For severe augmentation, the goal over several weeks to months is to wean, slowly but completely, off all dopaminergic agents to enable withdrawal, recovery from dopaminergic dependence, and maximal reconstitution of the natural dopaminergic system to as close to previous baseline as possible. One method is to perform a slow wean of the dopaminergic agent, followed by a two-week drug holiday, and then the addition of an alternative agent if still requiring symptomatic treatment. Though this approach is ideal in terms of natural recovery and limiting medication side effects, it is often met with apprehension due to the severity of withdrawal symptoms. The addition of a second medication prior to reduction in the dopaminergic medication is more common. Therapies may include an IV iron infusion (more potent and rapid than oral iron), alpha-2-delta ligands, opioids and, rarely, benzodiazepines. The dopamine agonist weaning process can be highly variable among patients, depending on initial severity of symptoms and strength of dosage. Anecdotal evidence suggests that many patients can go through a mini-withdrawal and recovery process after each dosage decrease in four to seven days, but some may take a few weeks or require increases in the secondary agent if they do not improve. Recovery after complete discontinuation may be the greatest in the first two weeks, though some patients take much longer to recover significantly. Many may have slow improvement beyond the initial few weeks for months or years after discontinuation, though the natural history of dopamine agonist withdrawal and recovery has not been well studied yet.

Dose reduction must be managed by a healthcare provider, and each situation is different; however, there are some management guidelines. Ropinirole may be tapered by 0.25 to 0.5 mg per week as tolerated, pramipexole by 0.125 mg, and rotigotine by 1 mg. However, the initial decreases may be larger, particularly if the patient is on dosages beyond maximum recommended, with progressively smaller decreases as the patient approaches discontinuation. Symptoms of withdrawal are generally a temporary but possibly severe worsening of restless legs symptoms, including more severe breakthrough symptoms, symptoms during the night leading to insomnia, earlier onset of symptoms during daytime with possible spread to other anatomic regions, and even involuntary limb movements while awake. These symptoms generally improve over several days before the patient can begin the next step in the tapering process. If a second agent is used, it may need to be adjusted to balance effectiveness with side effects, to combat the withdrawal symptoms. Other symptoms during dopaminergic withdrawal may include high levels of anxiety, irritability, insomnia, excessive daytime sleepiness and depressed mood.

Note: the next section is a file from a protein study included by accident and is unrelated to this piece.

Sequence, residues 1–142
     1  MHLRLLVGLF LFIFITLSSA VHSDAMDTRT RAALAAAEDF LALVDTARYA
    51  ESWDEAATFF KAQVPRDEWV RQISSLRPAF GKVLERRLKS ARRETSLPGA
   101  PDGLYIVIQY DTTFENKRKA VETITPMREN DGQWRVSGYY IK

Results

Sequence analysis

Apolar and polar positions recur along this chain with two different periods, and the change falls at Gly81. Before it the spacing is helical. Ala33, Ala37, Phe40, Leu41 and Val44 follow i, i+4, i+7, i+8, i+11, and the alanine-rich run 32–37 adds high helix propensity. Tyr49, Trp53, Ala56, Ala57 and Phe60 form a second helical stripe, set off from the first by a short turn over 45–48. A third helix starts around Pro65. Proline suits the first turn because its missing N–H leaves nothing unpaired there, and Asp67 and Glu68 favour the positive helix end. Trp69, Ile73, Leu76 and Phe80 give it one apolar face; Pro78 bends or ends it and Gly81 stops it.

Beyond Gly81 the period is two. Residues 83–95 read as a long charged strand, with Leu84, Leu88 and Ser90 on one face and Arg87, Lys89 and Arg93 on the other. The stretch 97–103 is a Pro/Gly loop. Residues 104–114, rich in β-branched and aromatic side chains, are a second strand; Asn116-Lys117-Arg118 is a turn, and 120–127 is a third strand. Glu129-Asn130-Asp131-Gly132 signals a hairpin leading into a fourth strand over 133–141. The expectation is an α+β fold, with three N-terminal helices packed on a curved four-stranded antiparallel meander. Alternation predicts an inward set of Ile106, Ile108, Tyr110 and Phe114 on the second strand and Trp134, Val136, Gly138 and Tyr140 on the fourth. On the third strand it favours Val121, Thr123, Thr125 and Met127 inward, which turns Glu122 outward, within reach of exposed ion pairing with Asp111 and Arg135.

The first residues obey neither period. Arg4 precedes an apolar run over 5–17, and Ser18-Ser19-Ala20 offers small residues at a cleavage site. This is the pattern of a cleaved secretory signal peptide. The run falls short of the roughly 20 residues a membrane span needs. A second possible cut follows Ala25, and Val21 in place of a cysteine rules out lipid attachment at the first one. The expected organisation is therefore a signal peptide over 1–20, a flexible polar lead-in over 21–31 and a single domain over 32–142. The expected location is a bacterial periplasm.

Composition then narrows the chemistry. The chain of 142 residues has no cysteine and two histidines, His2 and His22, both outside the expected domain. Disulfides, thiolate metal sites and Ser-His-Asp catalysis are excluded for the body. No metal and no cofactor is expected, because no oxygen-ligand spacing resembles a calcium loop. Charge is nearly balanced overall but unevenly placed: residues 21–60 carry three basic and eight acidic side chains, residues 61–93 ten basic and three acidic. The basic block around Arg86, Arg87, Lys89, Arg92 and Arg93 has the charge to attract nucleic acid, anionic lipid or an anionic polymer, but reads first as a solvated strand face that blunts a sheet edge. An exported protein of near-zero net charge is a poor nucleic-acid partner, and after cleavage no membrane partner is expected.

After at least two weeks from discontinuation, the patient should be reassessed to see if the new symptomatic agent can be gradually tapered as well, or a second medication added in the case of patients who tapered without additional drug treatment. Several weeks to months after complete withdrawal, recovery is frequently seen and further dosage reduction can be made, as the dosage of a second medication is generally higher in the withdrawal period than weeks to months after recovery, due to progressive reconstitution of the dopaminergic system.

Impulse Control Disorders

Impulse control disorders are another side effect of dopamine agonist therapy. Due to long-term effects on the dopaminergic system and behavioral pathways, dopamine agonists are associated with impulse control disorders (e.g., pathologic gambling, excessive shopping, hypersexuality) within nine months of treatment onset. Symptoms of impulse control disorders (and augmentation) should be screened regularly, regardless of duration of use. The consequences of unrecognized impulse control disorders can be devastating, including substantial financial loss, the threat of criminal prosecutions, substance abuse and social disruption. However, complete resolution of the pathologic tendencies is the general rule with discontinuation or dose decrease of the causative agent.

Education and Awareness

Decades of dopamine agonist use have revealed the risk of augmentation and impulse control disorders. Education of healthcare providers is the first step to raise awareness about RLS treatment guidelines and the adverse side effects of dopaminergic medications. Support for RLS research leading to the identification of new medications that address the chronic progressive nature of RLS and its treatment challenges are priorities for the RLS community.

You Might Also Like


Flickr Images